Policy Issues

Burdensome Health Insurance Taxes

Taxes on health insurance have grown dramatically over the last 20 years – now totaling $5.2 billion. With employers responsible for a significant portion of the private health insurance premiums, the state taxes on private coverage are viewed as “hidden” business taxes. They are already the largest business tax that employers and individuals pay.

View relevant documents:

– In 2019, New Yorkers Paid $5.2 Billion in Taxes and Fees on Health Insurance
News Release | Infographic

– The Guaranty Fund is a Hidden Tax on Health Insurance
News Release | Infographic
Hooked on HCRA: Report by the Empire Center

Rising Cost of Prescription Drugs

Prescription drug costs continue to be a major driver of health insurance costs. While the huge spikes in the cost of some drugs, like the EpiPen, are well known, drug costs continue to rise due to extremely high initial pricing, unpredictable price hikes, and efforts to dissuade the use of more cost-efficient, quality alternatives such as generic medications.

NYSCOP supports measures aimed at addressing the impact drug costs are having on insurance premiums. These proposals include:

– Shedding light how much drug manufacturers spend on researching, developing, producing and distributing drugs compared to the billions of dollars spent on marketing, advertising, and promotional efforts such as co-pay coupons;
– Understanding how much profit drug companies are making on the various products; and
– Restoring tools that allow health plans to ensure consumers are using effective, affordable drugs to counteract aggressive marketing of unnecessary, high cost drugs.

View relevant documents:

– A Simple Truth: Prescription Drug Costs Are Too High
News Release | Infographic
– Curbing Opioid Abuse Starts With Educating Patients and Prescribers Of Risks
News Release | Infographic
The Facts About Pharmacies and Prescription Drugs
Prescriber Prevails for Medicaid Managed Care Legislative Memo
Mail Order Pharmacy Legislative Memo

Protecting Consumers From Surprise, Out-of-Network Medical Bills

Consumers often choose their health insurance based on whether their doctor and preferred hospital are in the health insurance plan’s network. But when emergencies happen they go to the nearest hospital. Unfortunately, after receiving emergency treatment, consumers are frequently surprised by exorbitant medical bills.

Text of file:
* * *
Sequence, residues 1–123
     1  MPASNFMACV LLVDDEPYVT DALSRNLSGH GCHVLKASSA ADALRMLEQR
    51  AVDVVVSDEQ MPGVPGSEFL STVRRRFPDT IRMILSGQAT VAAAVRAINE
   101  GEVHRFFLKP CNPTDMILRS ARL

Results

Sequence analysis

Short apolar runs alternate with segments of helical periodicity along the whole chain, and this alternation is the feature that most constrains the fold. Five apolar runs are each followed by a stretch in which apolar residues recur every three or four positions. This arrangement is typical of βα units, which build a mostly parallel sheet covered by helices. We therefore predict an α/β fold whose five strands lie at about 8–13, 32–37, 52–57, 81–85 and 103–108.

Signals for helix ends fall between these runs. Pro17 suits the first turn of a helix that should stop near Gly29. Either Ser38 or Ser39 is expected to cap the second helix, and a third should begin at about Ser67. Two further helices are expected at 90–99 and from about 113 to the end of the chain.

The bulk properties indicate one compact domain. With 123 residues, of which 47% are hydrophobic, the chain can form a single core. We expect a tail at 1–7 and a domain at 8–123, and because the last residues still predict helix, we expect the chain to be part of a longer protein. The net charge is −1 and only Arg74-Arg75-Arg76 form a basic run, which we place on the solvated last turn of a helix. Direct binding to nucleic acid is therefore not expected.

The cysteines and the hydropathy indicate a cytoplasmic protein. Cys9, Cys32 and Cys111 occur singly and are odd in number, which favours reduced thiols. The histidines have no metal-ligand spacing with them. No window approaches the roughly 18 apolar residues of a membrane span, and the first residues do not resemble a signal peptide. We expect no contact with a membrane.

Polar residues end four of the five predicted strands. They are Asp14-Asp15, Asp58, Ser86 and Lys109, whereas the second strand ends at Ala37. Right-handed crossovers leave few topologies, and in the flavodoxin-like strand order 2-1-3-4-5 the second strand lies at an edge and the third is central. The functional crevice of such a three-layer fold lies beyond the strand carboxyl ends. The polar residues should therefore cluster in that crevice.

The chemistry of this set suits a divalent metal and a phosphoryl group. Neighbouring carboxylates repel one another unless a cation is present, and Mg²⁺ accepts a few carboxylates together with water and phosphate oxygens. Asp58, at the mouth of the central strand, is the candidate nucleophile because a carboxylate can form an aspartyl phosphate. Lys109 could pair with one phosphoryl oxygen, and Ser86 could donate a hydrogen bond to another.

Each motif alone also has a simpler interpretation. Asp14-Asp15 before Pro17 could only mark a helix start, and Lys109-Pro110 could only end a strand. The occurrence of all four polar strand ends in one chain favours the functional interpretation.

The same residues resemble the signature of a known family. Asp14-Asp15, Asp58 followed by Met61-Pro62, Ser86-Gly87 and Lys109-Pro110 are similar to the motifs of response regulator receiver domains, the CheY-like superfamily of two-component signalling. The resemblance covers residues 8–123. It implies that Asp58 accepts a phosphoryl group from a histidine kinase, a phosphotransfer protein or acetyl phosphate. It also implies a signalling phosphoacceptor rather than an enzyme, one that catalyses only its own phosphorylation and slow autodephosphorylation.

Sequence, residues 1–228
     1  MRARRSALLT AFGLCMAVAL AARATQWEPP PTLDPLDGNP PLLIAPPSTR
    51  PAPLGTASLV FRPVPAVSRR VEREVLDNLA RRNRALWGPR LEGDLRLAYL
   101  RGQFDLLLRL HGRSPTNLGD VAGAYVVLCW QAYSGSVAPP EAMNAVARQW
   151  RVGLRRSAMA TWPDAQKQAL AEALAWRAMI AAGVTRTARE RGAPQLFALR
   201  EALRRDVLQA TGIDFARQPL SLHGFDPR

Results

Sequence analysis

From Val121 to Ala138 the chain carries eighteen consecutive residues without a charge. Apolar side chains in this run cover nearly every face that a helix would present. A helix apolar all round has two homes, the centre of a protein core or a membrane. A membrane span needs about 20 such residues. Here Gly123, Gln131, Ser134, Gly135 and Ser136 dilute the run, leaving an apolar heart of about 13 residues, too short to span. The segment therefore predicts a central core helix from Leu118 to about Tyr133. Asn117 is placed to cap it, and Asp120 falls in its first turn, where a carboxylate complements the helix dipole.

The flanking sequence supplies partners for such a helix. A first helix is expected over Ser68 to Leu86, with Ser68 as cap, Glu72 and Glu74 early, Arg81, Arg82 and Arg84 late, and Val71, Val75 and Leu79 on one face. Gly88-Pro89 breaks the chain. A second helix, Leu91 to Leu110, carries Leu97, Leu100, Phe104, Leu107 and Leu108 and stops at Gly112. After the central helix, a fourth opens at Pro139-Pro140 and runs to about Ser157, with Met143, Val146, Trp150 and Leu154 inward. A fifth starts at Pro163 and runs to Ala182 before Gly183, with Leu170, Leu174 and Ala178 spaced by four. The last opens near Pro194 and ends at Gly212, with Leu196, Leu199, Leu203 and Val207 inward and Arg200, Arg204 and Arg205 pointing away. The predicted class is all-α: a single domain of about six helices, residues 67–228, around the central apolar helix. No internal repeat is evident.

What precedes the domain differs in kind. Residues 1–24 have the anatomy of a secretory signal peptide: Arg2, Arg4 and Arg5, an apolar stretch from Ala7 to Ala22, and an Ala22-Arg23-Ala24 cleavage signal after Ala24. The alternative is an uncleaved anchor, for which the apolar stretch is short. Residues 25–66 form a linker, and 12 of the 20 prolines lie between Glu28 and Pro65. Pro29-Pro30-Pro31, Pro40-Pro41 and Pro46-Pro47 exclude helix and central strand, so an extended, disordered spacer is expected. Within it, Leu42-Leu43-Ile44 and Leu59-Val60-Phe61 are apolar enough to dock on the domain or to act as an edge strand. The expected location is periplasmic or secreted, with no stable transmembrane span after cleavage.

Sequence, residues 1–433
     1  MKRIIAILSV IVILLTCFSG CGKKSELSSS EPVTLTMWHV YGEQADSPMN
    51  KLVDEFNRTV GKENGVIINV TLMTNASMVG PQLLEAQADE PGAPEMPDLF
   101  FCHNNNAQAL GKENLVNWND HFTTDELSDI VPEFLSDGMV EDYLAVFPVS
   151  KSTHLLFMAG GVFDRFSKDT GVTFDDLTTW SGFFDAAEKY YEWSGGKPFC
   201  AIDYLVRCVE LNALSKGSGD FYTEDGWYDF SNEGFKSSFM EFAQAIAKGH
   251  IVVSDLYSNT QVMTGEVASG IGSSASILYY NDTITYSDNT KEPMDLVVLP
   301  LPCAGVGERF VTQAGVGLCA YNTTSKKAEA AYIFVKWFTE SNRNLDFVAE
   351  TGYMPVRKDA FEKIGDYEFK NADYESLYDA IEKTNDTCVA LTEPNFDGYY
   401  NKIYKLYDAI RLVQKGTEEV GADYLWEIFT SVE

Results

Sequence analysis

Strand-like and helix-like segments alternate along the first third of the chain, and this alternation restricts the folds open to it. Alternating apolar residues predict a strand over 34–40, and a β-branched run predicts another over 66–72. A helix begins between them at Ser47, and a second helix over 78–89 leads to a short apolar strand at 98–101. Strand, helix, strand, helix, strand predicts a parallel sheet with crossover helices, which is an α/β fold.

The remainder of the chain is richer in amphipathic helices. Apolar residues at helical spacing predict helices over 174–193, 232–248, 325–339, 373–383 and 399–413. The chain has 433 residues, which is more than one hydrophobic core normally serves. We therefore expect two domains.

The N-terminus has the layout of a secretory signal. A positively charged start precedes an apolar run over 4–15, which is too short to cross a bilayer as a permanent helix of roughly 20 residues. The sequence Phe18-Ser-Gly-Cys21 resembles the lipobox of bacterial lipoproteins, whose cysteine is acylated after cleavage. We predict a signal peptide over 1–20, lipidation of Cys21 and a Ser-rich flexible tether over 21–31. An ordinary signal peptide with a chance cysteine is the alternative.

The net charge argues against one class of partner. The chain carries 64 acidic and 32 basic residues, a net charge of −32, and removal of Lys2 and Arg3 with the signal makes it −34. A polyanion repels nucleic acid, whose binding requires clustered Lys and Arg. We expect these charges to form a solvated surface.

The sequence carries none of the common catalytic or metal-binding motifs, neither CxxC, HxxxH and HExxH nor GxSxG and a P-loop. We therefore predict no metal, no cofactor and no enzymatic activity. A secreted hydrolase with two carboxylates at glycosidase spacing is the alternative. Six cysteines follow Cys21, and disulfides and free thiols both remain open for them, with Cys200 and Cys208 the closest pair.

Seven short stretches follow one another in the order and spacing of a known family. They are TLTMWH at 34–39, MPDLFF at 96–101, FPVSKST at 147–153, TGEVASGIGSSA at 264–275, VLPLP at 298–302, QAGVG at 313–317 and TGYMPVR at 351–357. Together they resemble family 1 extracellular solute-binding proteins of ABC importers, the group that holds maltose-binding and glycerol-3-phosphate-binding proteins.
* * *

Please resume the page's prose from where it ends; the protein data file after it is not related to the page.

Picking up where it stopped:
That problem will be no more. On October 17, 2019, Governor Cuomo signed into law the bill designed to prohibit excessive hospital bills for emergency services and will protect New Yorkers from unnecessary premium increases.

Back in 2014, New York enacted a landmark law that protects consumers from surprise medical bills from doctors providing emergency services. The new law created an Independent Dispute Resolution (IDR) process to resolve disputed emergency charges from doctors who do not participate in their health insurance plan provider network. Unfortunately, a loophole in the law prevented these protections from being applied when the bill comes from the hospital instead of the doctor.

This latest bill closes the loophole in the original “surprise bill” law by including out-of-network hospitals in the IDR process. Consumers will be removed from the process and will feel protected knowing that the fees charged by hospitals are subject to an independent third party. The law goes into effect January 1, 2020.

View relevant documents:

NYSCOP Statement
Governor Cuomo Statement
IDR Coalition Memo in Support
2019-20 Bill Text
NYSCOP Memo in Support
AARP Memo in Support
Business Council of New York State Memo in Support
Health Care For All New York Memo in Support
Consumers Union Letter of Support
Center for Medical Consumers Memo in Support
Variation in Emergency Department vs Internal Medicine Excess Charges in the United States, JAMA

To find out more about the 2014 Surprise, Out-of-Network Medical Bills law, click here.